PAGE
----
Hamilton County


Homer Pitzer




SERVICEMEN WRITE (to Joy Hanson, Editor of the Ellsworth News)

From Homer Pitzer
Aboard Ship
May 7, 1943

Dear Joy:

Have enjoyed reading the many issues of The News sent from your office, even though I can’t visit with my many friends, I do take pleasure in keeping posted as to what is happening in the little metropolis. I have not received the News regularly, nor have I, to this date, received on the average of one a week. I, of course, don’t blame this on you, for even some first class mail does not reach its destination.

Judging from your ‘Neighborly Gossip’ column, I take it news is scarce back there? Tell Carroll we could make use of about a gross of his “blackout bulbs”; as to the Farwell flu or measles, no sale. I was commenting about the blackout bulbs to a shipmate of mine. He said that reminded him of a shooting contest his brother was in. Seems as though this brother was an exceptional shot with a revolver; he won the tournament with such ease they decided to make it a handicap meet the next year. When another year rolled around and he approached the stand for his turn he was informed he would use a target at thirty paces as before, but must shoot while he and the target were completely submerged in water. This feat didn’t break his usual stride. When the referee counted four perfects out of a probably five, he was exasperated. Determined to place the crown upon another contender, he went this marksman to the briney deep again, only this time they blindfolded him and made him use black powder. This, it is said, is what started the feud between the Hatfields and the McCoys!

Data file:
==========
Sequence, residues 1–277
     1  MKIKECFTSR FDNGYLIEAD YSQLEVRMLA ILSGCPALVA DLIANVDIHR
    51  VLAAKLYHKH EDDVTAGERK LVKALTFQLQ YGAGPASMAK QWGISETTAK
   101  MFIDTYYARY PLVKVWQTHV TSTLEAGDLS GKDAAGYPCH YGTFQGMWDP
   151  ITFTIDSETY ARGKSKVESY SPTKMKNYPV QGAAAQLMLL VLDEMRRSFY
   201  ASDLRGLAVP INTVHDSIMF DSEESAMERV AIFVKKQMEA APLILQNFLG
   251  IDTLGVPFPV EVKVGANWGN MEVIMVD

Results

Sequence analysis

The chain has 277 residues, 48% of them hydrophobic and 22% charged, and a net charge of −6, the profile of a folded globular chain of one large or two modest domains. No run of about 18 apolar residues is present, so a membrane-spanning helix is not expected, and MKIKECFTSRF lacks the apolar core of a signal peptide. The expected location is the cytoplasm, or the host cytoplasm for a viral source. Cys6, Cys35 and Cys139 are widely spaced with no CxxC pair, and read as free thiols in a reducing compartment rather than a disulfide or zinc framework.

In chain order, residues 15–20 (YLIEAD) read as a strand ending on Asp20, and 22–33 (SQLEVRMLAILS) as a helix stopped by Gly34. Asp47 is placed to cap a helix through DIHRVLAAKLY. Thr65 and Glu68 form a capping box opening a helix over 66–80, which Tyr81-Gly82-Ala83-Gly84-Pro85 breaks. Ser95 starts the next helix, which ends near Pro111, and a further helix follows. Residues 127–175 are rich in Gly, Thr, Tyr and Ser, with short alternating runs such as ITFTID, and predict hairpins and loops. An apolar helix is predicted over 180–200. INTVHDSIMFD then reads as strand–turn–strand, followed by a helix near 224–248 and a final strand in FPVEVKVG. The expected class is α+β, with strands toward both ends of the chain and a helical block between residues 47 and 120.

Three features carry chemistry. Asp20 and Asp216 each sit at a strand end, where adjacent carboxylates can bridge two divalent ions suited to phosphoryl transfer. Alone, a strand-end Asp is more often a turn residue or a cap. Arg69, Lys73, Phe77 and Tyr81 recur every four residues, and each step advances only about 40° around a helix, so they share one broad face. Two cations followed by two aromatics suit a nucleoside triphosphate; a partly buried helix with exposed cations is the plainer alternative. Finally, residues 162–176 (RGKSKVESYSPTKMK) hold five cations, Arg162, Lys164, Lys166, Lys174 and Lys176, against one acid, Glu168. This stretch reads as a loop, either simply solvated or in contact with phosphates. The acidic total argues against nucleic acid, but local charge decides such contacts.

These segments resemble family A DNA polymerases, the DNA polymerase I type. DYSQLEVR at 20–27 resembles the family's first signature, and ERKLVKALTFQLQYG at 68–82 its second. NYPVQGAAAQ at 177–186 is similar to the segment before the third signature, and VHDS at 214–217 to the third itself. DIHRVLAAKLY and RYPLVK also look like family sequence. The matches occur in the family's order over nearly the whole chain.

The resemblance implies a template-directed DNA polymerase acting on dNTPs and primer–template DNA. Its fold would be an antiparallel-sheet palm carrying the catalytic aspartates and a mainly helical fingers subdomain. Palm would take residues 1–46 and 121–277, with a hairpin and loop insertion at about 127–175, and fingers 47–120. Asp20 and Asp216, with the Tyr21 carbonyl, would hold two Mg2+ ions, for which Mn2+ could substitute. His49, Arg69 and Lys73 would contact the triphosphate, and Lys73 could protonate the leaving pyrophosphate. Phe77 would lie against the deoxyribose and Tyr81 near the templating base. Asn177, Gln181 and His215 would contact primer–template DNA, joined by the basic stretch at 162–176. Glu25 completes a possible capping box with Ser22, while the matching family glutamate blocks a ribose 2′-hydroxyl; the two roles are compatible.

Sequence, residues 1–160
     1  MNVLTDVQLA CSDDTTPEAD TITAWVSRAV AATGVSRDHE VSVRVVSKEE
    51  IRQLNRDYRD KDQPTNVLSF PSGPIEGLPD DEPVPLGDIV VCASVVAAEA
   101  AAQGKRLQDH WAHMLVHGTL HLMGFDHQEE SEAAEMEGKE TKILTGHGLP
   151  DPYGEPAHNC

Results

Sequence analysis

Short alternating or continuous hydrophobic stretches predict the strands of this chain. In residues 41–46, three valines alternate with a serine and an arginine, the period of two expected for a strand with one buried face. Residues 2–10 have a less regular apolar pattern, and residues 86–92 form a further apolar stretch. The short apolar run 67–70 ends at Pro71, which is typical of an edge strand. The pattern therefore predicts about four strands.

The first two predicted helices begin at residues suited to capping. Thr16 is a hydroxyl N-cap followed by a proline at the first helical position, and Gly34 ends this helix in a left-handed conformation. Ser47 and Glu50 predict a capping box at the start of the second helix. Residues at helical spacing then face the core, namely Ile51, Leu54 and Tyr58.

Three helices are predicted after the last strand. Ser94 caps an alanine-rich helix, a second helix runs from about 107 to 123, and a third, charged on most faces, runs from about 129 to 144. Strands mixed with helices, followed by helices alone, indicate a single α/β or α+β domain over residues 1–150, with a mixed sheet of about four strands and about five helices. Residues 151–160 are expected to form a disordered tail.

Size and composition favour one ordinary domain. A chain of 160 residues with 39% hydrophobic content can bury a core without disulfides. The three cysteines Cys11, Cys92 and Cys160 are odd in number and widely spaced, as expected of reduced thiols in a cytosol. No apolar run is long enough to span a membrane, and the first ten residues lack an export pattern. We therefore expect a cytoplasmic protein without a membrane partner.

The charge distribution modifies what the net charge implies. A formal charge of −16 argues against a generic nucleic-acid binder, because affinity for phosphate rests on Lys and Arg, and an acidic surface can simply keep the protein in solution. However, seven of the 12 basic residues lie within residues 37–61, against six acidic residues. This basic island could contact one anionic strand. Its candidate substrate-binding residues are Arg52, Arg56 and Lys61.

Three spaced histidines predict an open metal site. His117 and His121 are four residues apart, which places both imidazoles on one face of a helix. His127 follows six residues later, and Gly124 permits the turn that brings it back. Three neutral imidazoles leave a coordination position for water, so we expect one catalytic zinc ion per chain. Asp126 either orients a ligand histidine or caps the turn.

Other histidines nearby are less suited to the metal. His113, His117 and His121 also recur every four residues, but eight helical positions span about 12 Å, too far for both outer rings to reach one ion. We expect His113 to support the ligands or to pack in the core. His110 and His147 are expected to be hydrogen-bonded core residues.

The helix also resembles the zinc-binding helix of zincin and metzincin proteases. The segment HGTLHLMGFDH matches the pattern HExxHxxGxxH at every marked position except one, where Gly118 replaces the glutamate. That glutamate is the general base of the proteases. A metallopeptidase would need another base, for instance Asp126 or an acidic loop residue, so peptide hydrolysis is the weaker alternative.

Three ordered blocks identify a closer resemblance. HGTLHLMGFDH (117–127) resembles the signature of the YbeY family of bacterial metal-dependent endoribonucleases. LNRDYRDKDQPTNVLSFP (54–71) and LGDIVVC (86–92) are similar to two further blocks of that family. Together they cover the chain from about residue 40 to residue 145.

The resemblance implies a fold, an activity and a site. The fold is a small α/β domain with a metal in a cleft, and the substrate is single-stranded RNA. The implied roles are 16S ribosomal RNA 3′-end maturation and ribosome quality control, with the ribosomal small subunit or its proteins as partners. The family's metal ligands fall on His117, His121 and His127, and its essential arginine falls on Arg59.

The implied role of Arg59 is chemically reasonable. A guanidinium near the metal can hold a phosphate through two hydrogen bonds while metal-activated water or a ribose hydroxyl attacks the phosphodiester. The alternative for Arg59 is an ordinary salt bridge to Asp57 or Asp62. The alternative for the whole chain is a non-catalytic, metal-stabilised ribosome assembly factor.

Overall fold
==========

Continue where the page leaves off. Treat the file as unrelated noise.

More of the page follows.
The last reference to the weather I’ve read about is the promise you gave that spring was just around the corner. Didn’t it ever make it. In the past, I can remember when a big per cent of the farmers had some, or most, of their corn planted by this time. Yes, some guys had even been fishing a couple of times.

Well, Joy, there are numerous incidents I would like to relate but guess they will have to wait until the day I can tell them to you over a cup of “jamoke” at Miller’s Care.

It has been nearly a year now since I have seen a familiar face. Am corresponding with Eddie Pearson, Wimpy Peterson, Donnie Severson, and soon hope to successfully get a letter through to Miny Reister. We in the service think often of you folks at home, laugh again as humerous happening of the past. We, of course, miss the companionship of old friends, but morale is high, and we eagerly await the day when we can again say, “Hi, how’s tricks?”

Homer B. Pitzer, S. F. 2-c

(To any friends wishing to write to Homer, his address can be secured at The News office. Censorship forbids publication here.)

Source: Ellsworth News, May 19, 1943